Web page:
Notice is hereby given that, on September 1, 2004, pursuant to section 6(a) of the National Cooperative Research and Production Act of 1993, 15 U.S.C. 4301 et seq. (“the Act”), The Society for Biomolecular Screening, Inc. (“SBS”) has filed written notifications simultaneously with the Attorney General and the Federal Trade Commission disclosing (1) the name and principal place of business of the standards development organization and (2) the nature and scope of its standards development activities. The notifications were filed for the purpose of invoking the Act's provisions limiting the recovery of antitrust plaintiffs to actual damages under specified circumstances. Pursuant to section 6(b) of the Act, the name and principal place of business of the standards development organization is: The Society for Biomolecular Screening, Inc. Danbury, CT. The nature and scope of SBS' standard development activities are: Many science-based industries have implemented a High Throughput Screening (HTS) approach for discovery activities. HTS requires that automated devices and full robotic systems be used for this work. These devices and systems cost from tens of thousands of dollars to millions of dollars. The basic tool for this work is the microtiter plate (MTP) and as such, it is economically critical that these devices/systems work in a seamless manner with this tool as supplied by different manufacturers. However, each manufacturer had originally developed MTPs with slightly different dimensions and features to the extent that these plates performed poorly with automation. Laboratory users found it frustrating to try to use different plates with their equipment and often experienced significant financial losses when doing so. Manufacturers of automated devices tried to build in features that allowed for defining different plates from different manufacturers but there was only so much variation that could be accommodated and these changes were driving costs upwards. In 1995, The Society for Biomolecular Screening, Inc. formed a working group that brought together all of the interested parties, (manufacturers of MTPs, automated device manufacturers and users) to establish standards for microtiter plates that would provide reliable use with all automated equipment and robotics. These standards need to address the various densities of the MTP including 96, 384, and 1536 since it would be expected that the same equipment could work with various formats but not necessarily all formats to contains costs.Start Signature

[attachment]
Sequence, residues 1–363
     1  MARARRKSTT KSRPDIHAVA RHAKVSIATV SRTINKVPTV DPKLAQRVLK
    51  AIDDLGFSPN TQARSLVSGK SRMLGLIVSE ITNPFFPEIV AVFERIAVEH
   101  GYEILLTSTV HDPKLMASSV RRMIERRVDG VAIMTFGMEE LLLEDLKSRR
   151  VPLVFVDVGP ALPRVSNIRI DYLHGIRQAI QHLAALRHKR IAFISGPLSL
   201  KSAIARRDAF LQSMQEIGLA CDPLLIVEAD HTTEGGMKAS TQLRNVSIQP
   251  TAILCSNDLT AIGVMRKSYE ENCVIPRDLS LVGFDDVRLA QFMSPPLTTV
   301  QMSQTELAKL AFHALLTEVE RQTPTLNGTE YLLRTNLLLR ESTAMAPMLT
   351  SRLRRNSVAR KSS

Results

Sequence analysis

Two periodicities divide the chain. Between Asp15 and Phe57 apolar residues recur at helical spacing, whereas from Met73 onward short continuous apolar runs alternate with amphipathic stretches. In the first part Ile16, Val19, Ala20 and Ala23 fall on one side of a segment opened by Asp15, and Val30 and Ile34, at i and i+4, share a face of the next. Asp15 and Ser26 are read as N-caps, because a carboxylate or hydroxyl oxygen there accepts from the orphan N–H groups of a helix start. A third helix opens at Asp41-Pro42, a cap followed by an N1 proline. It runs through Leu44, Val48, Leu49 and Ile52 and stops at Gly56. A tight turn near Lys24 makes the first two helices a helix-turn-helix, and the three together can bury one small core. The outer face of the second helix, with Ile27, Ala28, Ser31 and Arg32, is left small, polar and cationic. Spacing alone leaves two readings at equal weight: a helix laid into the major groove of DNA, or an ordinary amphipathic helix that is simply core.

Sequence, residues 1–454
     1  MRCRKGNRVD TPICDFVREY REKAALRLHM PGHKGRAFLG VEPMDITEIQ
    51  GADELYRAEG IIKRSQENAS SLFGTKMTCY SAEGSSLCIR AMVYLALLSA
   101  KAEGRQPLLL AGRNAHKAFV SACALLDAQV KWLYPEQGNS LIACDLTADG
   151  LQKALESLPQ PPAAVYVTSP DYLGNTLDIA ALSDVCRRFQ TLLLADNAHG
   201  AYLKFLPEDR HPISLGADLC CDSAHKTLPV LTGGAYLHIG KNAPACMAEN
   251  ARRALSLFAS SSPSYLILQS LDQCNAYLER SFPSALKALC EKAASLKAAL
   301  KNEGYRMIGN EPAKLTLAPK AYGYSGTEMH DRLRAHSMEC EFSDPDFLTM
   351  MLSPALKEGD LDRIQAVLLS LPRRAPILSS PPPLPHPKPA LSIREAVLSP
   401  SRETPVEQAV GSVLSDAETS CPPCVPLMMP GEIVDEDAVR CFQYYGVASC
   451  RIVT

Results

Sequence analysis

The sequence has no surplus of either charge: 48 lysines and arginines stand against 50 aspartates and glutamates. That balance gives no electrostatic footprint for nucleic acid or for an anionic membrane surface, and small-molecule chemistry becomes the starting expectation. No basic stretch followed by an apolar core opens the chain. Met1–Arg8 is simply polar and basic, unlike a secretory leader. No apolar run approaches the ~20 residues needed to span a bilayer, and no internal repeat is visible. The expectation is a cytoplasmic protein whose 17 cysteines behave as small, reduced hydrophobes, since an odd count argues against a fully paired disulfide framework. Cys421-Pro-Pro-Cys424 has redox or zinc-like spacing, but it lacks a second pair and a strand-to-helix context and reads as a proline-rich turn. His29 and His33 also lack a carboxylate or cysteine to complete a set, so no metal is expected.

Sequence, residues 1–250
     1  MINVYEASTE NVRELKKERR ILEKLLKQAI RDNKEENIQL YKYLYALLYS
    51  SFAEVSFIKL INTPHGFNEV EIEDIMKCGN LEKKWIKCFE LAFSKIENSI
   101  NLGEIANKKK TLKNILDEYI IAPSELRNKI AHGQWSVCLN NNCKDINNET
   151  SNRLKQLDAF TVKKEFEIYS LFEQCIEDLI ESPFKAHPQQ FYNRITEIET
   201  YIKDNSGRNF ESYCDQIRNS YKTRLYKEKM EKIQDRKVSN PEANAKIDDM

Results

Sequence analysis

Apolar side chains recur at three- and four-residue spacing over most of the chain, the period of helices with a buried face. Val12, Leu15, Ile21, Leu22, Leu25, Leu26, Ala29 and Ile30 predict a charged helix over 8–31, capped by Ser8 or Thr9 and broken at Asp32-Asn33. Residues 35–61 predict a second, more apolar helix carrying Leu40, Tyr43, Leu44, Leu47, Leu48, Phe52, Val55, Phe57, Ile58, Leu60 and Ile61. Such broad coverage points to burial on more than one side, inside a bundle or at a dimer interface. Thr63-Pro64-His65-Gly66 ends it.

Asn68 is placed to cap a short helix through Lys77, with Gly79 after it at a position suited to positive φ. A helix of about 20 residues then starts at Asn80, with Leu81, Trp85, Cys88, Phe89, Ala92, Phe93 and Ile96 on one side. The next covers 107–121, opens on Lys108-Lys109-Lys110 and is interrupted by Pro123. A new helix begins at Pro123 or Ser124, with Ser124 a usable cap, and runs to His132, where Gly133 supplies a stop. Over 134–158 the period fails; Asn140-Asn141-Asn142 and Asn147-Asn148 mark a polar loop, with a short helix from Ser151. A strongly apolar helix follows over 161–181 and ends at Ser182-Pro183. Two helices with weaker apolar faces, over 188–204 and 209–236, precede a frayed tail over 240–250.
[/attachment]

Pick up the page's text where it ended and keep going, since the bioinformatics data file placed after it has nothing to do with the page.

Dorothy B. Fountain,
Deputy Director of Operations, Antitrust Division.
[FR Doc. 04-22158 Filed 10-1-04; 8:45 am]
BILLING CODE 4410-11-M